It’s tempting and so easy to use your right click to download stuff off the Web – to copy or save images, text, even videos. BUT Fair warning – in most cases this content will be protected by copyright even if there is no copyright notice and you can find yourself facing a possible copyright infringement claim that results in fines up to $150,000!
The complaint alleges that the defendants employed unfair or deceptive acts or practices in the advertising, marketing, distribution, and sale of FlexiPrin and CogniPrin. That the defendants sold these products directly to consumers, primarily through radio and print advertising nationwide and in Canada, which has garnered in excess of $6.5 million in gross sales.
In a move that appeared contrary to previously released guidance, the FTC action seemed to equate the term “built” with “made” rather than the term “assembled.” iSpring had claimed that its water filtration systems and parts were “Built in the USA,” but the FTC pointed out in its complaint that the products were either “wholly imported” or “made using a significant amount of inputs from overseas.”
The FTC has announced that, as a result of a settlement agreement reached with Dr. Mercola and its companies, the FTC is mailing $2.59 million in refunds to more than 1,300 purchasers of Mercola indoor tanning systems.
If you use online endorsements or testimonials from others, you should review your internal marketing policies and your FTC website forms to avoid substantial liability for deceptive advertising.
Lexium International and CellMark Biopharma were the subject of a series federal court filings in November demanding that certain information about products and marketing be released to the FTC. Derek Vest, the founder of both companies, is the target of a federal grand jury investigation into misbranded drugs and other crimes.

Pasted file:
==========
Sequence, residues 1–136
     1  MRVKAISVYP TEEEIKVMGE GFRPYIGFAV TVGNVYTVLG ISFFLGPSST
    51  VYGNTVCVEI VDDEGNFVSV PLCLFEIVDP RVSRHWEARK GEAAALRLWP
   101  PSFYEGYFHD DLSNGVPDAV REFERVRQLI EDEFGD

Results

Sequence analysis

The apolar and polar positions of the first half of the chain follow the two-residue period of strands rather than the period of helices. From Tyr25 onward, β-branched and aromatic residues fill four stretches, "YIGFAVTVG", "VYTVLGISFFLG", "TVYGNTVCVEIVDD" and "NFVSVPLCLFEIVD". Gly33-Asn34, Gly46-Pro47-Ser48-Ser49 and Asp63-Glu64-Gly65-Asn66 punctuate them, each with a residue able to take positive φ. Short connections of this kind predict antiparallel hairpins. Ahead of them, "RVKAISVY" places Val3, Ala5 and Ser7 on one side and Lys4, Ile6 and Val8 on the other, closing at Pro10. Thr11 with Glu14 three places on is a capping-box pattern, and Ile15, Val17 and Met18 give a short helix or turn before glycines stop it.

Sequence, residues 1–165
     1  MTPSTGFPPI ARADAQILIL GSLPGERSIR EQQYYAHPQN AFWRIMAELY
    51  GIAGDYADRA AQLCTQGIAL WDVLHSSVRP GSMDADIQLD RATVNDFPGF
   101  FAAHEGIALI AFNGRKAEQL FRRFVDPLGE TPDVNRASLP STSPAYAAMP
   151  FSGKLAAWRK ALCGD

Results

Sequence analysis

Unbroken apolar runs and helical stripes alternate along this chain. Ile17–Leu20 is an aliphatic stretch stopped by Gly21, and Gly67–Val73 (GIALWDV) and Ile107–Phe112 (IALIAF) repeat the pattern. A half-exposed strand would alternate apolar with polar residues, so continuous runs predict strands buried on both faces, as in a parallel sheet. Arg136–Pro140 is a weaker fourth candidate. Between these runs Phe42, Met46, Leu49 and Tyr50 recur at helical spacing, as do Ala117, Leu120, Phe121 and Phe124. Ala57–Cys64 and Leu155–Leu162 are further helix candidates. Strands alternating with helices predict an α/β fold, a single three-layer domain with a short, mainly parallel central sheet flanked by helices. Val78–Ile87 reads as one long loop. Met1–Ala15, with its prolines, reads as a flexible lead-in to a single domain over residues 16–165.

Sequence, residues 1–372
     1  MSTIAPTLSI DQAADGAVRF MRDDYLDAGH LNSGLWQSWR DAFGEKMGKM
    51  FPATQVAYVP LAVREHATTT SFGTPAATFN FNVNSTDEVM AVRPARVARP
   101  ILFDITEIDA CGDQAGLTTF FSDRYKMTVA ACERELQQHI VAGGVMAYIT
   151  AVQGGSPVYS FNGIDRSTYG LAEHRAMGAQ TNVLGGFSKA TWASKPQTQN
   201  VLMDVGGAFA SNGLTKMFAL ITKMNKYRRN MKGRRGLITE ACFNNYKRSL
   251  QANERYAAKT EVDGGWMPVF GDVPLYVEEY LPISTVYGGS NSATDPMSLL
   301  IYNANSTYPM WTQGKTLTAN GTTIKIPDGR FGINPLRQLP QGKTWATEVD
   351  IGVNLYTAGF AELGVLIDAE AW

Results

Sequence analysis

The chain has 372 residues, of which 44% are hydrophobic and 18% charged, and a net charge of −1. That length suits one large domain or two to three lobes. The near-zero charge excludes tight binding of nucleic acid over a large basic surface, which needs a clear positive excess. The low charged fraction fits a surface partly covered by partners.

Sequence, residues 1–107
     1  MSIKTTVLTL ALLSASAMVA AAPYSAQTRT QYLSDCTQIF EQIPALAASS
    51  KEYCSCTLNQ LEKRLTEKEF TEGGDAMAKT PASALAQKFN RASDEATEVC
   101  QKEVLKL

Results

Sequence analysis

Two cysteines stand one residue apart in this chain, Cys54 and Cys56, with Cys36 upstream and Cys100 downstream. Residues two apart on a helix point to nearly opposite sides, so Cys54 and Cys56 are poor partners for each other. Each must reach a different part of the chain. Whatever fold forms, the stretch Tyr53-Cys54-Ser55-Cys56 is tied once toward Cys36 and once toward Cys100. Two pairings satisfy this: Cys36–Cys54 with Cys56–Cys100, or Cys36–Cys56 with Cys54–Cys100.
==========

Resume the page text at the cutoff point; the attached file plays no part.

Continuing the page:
The saga commenced a year ago when publicly listed REA Group, which is majority owned by News Corp, alleged that its property listings rival, Fairfax-owned Domain, had breached Australian Consumer Law by publishing adverts that were misleading or deceptive.
The operators of two online “high schools” have agreed to settle Federal Trade Commission (FTC) charges that they misled tens of thousands of consumers by falsely claiming to be accredited schools while actually being alleged diploma mills that sold worthless fake diplomas, according to a press release on the FTC website.
Popular websites and apps like Facebook, Amazon and Instagram aren’t coming after your first born, but they do intentionally draft privacy policies, terms of service and end user license agreements (EULAs) that they know (or hope) no one will ever read.